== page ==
D&C Lesson 8: "The Restoration of the Priesthood"

by | Feb. 08, 2013

Sunday School


INTRODUCTION: It would be a mistake to over-simplify the restoration and purposes of the priesthood, but perhaps an analogy will help us understand what is happening.

Suppose that you decided to create a new company, one with a possibility of unlimited growth. Even though you would be able to do some, even most, of the original work by yourself, a time would come when you would need to enlist the help of others willing to work with you to accomplish the goals of the company. You would invest some of those people with the authority to act in your name in behalf of the company. As the size of the company increased, you would require more and more assistance to accomplish the necessary work. If the company became large enough and generated enough interest, you might offer opportunity for investment and profit-sharing to all those willing to meet the necessary requirements and labor for the objectives you had established.

I know this analogy is painfully obvious, but it is a clear description of the priesthood and its purposes, and the Lord’s intent in authorizing his children to labor for him and with him in the work of the kingdom.

According to John Taylor, third President of the Church, priesthood “is the power of God delegated to intelligences in the heavens and to man on earth.” This definition has been confirmed by the leaders of the Church. For example, Joseph F. Smith said, “It is nothing more nor less than the power of God delegated to man by which man can act in the earth for the salvation of the human family.” Under this definition nothing can be greater than priesthood. Nothing can transcend the power of God. All things must be the product of that power. (John A. Widtsoe, Evidences and Reconciliations, p.249)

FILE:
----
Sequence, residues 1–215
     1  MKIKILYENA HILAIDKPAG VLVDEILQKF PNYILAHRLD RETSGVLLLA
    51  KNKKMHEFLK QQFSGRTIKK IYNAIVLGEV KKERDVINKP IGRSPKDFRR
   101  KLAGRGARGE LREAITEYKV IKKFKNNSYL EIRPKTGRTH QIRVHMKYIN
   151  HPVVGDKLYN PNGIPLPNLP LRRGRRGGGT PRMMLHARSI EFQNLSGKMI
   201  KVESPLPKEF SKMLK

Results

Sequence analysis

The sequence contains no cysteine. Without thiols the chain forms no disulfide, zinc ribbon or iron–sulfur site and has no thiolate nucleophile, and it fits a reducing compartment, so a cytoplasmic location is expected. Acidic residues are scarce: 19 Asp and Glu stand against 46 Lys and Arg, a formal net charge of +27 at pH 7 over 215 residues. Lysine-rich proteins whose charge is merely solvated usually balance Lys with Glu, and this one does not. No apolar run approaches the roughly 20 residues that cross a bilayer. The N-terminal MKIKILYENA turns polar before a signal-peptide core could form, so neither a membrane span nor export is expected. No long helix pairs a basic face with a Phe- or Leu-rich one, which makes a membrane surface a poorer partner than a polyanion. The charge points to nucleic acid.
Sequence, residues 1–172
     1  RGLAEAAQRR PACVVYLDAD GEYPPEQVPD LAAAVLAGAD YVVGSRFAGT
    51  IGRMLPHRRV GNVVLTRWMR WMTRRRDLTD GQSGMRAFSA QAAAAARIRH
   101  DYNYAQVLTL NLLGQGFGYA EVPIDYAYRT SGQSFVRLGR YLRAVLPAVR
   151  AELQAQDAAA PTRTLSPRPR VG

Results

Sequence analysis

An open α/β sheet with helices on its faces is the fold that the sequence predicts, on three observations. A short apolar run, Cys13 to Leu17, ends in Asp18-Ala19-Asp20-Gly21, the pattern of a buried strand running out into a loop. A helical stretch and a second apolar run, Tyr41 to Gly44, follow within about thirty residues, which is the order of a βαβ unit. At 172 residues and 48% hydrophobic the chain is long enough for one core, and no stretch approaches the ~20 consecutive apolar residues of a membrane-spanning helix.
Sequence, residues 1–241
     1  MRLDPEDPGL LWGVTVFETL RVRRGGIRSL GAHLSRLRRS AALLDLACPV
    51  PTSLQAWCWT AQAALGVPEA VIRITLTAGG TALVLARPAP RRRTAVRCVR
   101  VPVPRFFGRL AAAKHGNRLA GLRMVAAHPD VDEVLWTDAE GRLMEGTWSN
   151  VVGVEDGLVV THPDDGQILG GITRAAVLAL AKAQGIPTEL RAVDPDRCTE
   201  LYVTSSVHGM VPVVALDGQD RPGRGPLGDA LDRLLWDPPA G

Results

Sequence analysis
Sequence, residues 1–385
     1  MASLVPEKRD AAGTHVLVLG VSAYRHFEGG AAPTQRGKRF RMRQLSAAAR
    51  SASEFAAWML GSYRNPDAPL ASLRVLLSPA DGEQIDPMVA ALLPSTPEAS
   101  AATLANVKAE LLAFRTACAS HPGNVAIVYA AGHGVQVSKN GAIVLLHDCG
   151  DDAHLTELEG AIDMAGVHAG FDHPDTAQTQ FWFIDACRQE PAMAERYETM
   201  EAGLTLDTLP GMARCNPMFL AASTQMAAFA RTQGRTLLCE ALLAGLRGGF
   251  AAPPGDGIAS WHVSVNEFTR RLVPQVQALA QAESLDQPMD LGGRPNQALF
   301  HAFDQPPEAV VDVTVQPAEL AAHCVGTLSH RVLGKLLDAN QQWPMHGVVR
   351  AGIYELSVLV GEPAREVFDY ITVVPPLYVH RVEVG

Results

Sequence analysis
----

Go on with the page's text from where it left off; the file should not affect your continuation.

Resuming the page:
B.H. Roberts used an analogy similar to but better than the one in the introduction:

There is such a thing known among men as power of attorney. It is this: A man possesses property in this city, perhaps real estate, perhaps a merchandising establishment—bonds, stocks of various kinds; but he does not reside here—his home is at a distance, and he is not able to give his personal attention to his business interests in this location; he therefore selects some man in whom he has confidence, in whose business integrity he places great reliance, and he says to him: I wish you to become my agent, to act for me, to take possession of this property, to manipulate it with a view to increasing my wealth. And in order that the proceedings may be lawful, and that the people may have confidence in your transactions, we will go to a notary public and draw up an instrument stating that I give to you this authority, that you shall act for me; and it shall be signed, and the seal of the court shall be placed upon it. That is done, and the agent, equipped with this power of attorney, goes into business circles; he buys, he sells, he makes contracts, signs them, disposes of property, and purchases other property; he does whatever his judgment dictates as being wise and profitable; and by whatsoever he does, so long as he continues within the lines marked out in this power of attorney, the principal is bound. He is compelled in law to respect the acts of his agent; and whatsoever he shall do, when acting under the law, is just as good and valid as if the owner of the property himself were performing the transactions. We call that power of attorney.